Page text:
I have been wanting to do this for such a long time. I finally got the time, money and help of my husband to get it done.
Last week, we went on a shopping trip and bought all the supplies needed to make a headboard. What fun!
Now that I have the flash headboard I need to do something different with the bed - cushions a new duvet, who knows!
If you would like to make this headboard, I've included my pictures and instructions here.
(to make a Queen Sized Headboard)
Top and Bottom Rails - 2x2" (50x50mm) pieces of wood - 58" (1475mm) x 2
Side Rails - 2x2" pieces of wood - 46" (1169mm) x2
Middle Support - 2x2" pieces of wood - 28" (711mm) x1
MDF - 2 pieces 32x30" (814x762mm)
(for metric measurements fabric requirements are in centimetres, not millimetres.)
Foam 1" thick - approximately 68x40" (173x110cm)
Batting - approximately 70x42" (180cmx110cm)
Fabric - 2 yards x 56" wide (200x150cm)
Calico - 60x32" (132x83cm)
Note: I made a rookie mistake here - I used the length of the bed measurement instead of the width so my headboard is wider than the bed. I've given you the correct measurements for a Queen sized bed which measures 5'0” x 6'8” (153 x 203cm).
If your bed is a different size, measure the width and subtract 4" for the top and bottom rails. The other measurements will be the same.
If your headboard needs to be taller, add the extra height to the side rails.
We made our frame from 2x2s and a couple of pieces of MDF (mainly because the MDF left in one sheet wouldn't fit in the car!).
Lay out the top, bottom and side rails with the middle support according to the diagram below.
Nail the top and bottom rails between the side rails. The bottom rail sits at about 18" (455mm) from the ground but you will want to measure this on your bed. It needs to sit at about the bottom of the mattress.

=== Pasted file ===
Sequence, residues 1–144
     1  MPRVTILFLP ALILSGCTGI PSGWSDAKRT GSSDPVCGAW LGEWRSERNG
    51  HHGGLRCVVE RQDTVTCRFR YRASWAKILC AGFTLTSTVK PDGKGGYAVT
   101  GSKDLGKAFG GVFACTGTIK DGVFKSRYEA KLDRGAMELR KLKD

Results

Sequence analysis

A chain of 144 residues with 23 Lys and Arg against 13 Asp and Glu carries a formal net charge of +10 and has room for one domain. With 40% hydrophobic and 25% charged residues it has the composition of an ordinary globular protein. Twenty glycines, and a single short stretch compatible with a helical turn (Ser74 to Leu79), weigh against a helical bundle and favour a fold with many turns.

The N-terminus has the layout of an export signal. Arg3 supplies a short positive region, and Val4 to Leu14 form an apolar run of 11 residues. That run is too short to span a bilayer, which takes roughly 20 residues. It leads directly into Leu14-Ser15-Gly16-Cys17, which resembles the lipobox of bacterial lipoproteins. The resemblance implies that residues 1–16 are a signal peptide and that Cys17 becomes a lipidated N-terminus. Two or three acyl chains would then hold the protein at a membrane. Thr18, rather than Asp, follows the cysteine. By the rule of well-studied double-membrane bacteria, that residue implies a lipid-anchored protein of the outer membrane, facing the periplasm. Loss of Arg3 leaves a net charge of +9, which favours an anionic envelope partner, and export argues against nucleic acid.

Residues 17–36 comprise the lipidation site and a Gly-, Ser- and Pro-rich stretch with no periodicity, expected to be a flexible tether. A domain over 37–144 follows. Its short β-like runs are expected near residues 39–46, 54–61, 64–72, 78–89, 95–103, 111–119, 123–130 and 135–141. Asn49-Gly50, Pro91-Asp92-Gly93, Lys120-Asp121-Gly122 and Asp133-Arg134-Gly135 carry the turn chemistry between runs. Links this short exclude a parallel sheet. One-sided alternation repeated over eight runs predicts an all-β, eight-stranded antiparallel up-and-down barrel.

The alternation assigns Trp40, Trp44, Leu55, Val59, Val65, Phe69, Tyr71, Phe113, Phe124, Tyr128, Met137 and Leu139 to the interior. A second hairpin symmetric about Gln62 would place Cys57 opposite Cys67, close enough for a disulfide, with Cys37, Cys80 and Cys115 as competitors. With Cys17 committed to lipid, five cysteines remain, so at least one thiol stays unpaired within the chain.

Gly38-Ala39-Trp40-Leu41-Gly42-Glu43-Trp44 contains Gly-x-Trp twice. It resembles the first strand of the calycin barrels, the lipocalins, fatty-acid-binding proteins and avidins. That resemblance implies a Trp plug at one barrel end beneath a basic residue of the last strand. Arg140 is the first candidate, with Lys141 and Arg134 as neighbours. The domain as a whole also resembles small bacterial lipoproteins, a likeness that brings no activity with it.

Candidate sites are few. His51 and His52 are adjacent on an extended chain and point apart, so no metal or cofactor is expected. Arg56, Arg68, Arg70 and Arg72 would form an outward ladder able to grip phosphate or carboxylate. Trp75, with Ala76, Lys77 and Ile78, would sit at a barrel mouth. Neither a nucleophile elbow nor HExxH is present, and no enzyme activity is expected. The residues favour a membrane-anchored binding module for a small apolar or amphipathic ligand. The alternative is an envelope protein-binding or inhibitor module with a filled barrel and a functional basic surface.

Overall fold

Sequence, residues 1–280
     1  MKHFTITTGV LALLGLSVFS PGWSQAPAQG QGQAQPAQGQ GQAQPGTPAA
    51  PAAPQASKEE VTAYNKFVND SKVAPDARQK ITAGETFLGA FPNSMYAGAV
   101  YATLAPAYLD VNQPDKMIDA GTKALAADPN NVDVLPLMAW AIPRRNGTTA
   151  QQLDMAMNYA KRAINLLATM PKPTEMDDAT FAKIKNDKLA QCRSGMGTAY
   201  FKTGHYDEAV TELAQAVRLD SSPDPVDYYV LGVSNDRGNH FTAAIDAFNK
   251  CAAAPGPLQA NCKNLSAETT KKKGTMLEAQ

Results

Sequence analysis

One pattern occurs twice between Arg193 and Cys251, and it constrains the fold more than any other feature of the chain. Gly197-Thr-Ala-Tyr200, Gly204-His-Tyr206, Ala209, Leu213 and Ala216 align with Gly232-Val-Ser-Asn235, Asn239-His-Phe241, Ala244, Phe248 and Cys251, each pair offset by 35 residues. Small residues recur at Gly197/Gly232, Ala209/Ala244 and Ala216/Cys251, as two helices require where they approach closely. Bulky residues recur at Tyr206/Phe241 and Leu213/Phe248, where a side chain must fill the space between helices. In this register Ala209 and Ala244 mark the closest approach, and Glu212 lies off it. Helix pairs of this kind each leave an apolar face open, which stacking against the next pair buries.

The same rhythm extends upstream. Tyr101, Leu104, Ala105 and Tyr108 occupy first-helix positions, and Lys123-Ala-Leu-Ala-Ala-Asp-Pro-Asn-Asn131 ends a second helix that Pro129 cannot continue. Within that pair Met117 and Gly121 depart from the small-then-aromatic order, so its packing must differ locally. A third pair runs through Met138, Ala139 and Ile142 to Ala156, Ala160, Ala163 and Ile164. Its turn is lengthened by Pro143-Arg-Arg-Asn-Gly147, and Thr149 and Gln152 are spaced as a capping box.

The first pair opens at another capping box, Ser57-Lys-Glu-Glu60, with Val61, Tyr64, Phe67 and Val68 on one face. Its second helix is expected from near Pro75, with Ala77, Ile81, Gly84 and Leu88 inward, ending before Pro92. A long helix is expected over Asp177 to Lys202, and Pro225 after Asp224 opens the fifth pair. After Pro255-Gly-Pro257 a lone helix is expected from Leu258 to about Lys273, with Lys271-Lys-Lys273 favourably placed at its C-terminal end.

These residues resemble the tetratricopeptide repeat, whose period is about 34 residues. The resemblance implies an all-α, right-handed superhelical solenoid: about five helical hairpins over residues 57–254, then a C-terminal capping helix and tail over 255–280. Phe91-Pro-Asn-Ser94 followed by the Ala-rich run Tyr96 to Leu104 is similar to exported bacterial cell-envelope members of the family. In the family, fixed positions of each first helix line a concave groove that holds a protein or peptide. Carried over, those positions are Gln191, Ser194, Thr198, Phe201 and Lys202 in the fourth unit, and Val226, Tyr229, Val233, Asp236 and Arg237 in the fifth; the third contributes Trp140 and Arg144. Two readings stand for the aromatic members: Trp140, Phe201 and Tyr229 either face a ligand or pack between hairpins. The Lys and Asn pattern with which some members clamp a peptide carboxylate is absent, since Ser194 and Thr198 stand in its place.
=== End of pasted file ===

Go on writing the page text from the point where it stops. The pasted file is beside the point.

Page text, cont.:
Turn the frame over and nail the two pieces of MDF onto the frame.
Next we covered the frame with foam. I bought a king size topper pad from Para Rubber. It wasn't long enough so I had to cut it and put it back together.
Lay the foam on the floor then lay the frame on top, facing down.
Wrap the foam up and around the frame, stapling it as you go. You may need to trim the foam to fit around the legs. Put the staples quite close together.
After the foam comes the batting, this makes it nice and soft as well as smoothing out the staples, etc.
Wrap it in the same manner as you did the foam. Take more care with the corners to ensure they sit nice and flat. Trim off any excess with your scissors.
Once that's all nice and neat, it's time for the fabric which is probably the trickiest part, just because you need to get it on straight and looking pretty.
You repeat the process for the fabric but this time when you staple on the fabric you need to be a bit more careful.
Start by putting a staple in each of the centres - centre top, bottom and each side. Then work your way around, pulling the fabric nice and tight but not so much that it pulls everything out of shape.
To get the corners looking nice, you will need to mitre the fabric. All this means is that you are aiming to have a diagonal seam. To do this staple the fabric tight one way, then pull it down and staple it tight the other way.
Trim away excess fabric as you go. This is what the corners should look like from the side.
We also stapled the fabric right down inside the frame as this stopped the foam bulging up at the back and it gives extra strength.
This is what you are aiming for.
Once you have completed the front, make the back tidy by covering it with a piece of calico. We folded in the edges and nailed this down.
All done! We had fun making this and I'm really pleased with the outcome. It doesn't really go with the blue walls and yellow drapes but we're house hunting so we're not worried about that just now.
If you liked this project please leave me a comment below.
You might also like this upholstered headboard with nailhead detail.
July 24, 2011